I would rather agree with Ken and Egmont than disagree with them: Ken because his anthropology has thrown up the fact that primitive cultures are often much more ecologically sensible than our own, and Egmont because – some years ago now – I totally agreed with him that our economics had become a disaster zone and it was time to “scrap the lot and start again”.

    However, Ken seems to think he can see C S Peirce’s intent (“trial and error” being his method when searching for a hypothesis about how best to represent and so be able to distinguish different phases in scientific logic). Egmont seems too think that science is all about “research” into “material/formal consistency”, ignoring Bacon’s point that we “search” for new knowledge in order to be able to share it, and Kuhn’s distinction between “normal” and “revolutionary” science: the “Copernican revolution” not being about discovering the sun rising but about a different and indeed simpler way of interpreting what we see.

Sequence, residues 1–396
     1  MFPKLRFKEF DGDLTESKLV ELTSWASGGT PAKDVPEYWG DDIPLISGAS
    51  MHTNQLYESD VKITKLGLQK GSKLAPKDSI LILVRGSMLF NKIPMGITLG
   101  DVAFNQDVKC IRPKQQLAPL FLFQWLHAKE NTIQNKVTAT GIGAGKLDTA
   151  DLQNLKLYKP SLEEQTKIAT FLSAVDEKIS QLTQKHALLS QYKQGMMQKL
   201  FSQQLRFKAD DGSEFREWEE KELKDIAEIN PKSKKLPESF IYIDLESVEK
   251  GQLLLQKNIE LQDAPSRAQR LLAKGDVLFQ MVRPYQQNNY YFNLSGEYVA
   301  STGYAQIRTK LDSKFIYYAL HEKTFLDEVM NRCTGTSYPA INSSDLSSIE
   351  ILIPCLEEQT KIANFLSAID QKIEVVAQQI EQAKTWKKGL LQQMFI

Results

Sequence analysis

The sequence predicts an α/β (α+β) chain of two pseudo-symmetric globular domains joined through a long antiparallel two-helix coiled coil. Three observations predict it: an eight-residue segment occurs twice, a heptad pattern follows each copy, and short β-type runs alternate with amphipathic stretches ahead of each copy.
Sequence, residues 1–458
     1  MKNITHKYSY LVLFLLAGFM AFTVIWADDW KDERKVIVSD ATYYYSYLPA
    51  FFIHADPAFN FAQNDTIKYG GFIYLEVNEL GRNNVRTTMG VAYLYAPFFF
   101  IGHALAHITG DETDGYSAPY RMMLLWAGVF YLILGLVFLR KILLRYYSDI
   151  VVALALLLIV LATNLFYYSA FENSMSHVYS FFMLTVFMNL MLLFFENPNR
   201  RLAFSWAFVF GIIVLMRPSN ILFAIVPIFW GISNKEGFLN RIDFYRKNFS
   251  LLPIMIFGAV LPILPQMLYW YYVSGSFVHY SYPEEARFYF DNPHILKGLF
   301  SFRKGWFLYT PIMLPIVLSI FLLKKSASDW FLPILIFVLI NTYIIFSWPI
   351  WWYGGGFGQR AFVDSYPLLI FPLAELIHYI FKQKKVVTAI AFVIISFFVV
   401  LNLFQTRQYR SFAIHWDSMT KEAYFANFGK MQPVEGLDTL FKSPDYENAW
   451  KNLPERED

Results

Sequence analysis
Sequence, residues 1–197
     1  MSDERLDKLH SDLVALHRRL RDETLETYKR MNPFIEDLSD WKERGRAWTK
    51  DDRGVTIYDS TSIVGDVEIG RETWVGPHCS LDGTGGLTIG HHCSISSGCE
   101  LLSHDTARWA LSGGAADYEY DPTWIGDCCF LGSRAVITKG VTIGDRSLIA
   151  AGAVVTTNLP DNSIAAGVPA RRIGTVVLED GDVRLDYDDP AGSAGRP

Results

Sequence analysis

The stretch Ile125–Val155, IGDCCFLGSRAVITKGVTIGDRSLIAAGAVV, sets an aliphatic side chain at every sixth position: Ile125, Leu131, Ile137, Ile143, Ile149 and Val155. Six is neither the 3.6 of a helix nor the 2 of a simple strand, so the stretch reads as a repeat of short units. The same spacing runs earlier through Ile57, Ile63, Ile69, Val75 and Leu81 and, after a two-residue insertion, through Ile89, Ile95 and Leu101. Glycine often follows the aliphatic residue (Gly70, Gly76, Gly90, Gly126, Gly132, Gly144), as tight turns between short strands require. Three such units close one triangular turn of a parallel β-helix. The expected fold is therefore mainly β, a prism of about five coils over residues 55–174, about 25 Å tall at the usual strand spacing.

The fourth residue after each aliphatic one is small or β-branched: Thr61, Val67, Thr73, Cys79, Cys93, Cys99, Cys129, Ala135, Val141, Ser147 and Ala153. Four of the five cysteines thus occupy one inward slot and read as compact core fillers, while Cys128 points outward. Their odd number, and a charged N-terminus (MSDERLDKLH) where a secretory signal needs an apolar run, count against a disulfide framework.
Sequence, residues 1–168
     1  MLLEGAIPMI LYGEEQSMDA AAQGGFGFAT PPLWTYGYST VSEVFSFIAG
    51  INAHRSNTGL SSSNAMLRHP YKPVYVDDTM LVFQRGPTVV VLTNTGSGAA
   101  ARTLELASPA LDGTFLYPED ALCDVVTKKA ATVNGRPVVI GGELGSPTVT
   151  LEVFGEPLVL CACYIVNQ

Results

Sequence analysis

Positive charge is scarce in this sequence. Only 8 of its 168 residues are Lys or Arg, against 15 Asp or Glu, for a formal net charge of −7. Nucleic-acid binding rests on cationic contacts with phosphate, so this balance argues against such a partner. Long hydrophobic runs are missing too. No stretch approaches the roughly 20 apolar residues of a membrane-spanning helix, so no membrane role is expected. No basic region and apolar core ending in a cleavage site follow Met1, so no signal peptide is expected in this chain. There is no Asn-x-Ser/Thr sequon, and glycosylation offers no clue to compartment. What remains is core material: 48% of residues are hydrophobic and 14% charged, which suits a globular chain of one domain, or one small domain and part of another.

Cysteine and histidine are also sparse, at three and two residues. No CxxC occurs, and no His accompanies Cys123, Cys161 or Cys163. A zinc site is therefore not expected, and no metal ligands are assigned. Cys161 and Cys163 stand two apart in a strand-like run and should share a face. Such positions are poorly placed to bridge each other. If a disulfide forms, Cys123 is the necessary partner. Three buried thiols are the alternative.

My suggestion – seeing the economy as more like the internet than an electrical power supply system – is in any case of the Copernican type rather than the reactionary Marxist type of revolution: based on Shannon’s up-to-date information science rather than Newton’s gravitational forces.

    Lurking in the background is G K Chesterton’s revolutionary hypothesis about different ways of seeing being built into the brain’s architecture: this experimentally demonstrable by the effects of strokes and brain surgery, deductively translatable into Jungian “normal” personality differences and inductively confirmed by the on-going statistics built up for the Myers-Briggs Personality [type] Indicator. This is where one needs to look for a systematic explanation of the difference between Left and Right politics: the observable dominance of right-handedness; the order in which children learn to feel, act, talk and deliberately observe; and the tendency to stick at the level which one finds adequate for one’s everyday needs. This last is the problem with education which is all talk, using diagrams only to simplify the talk, not to represent different ways of looking.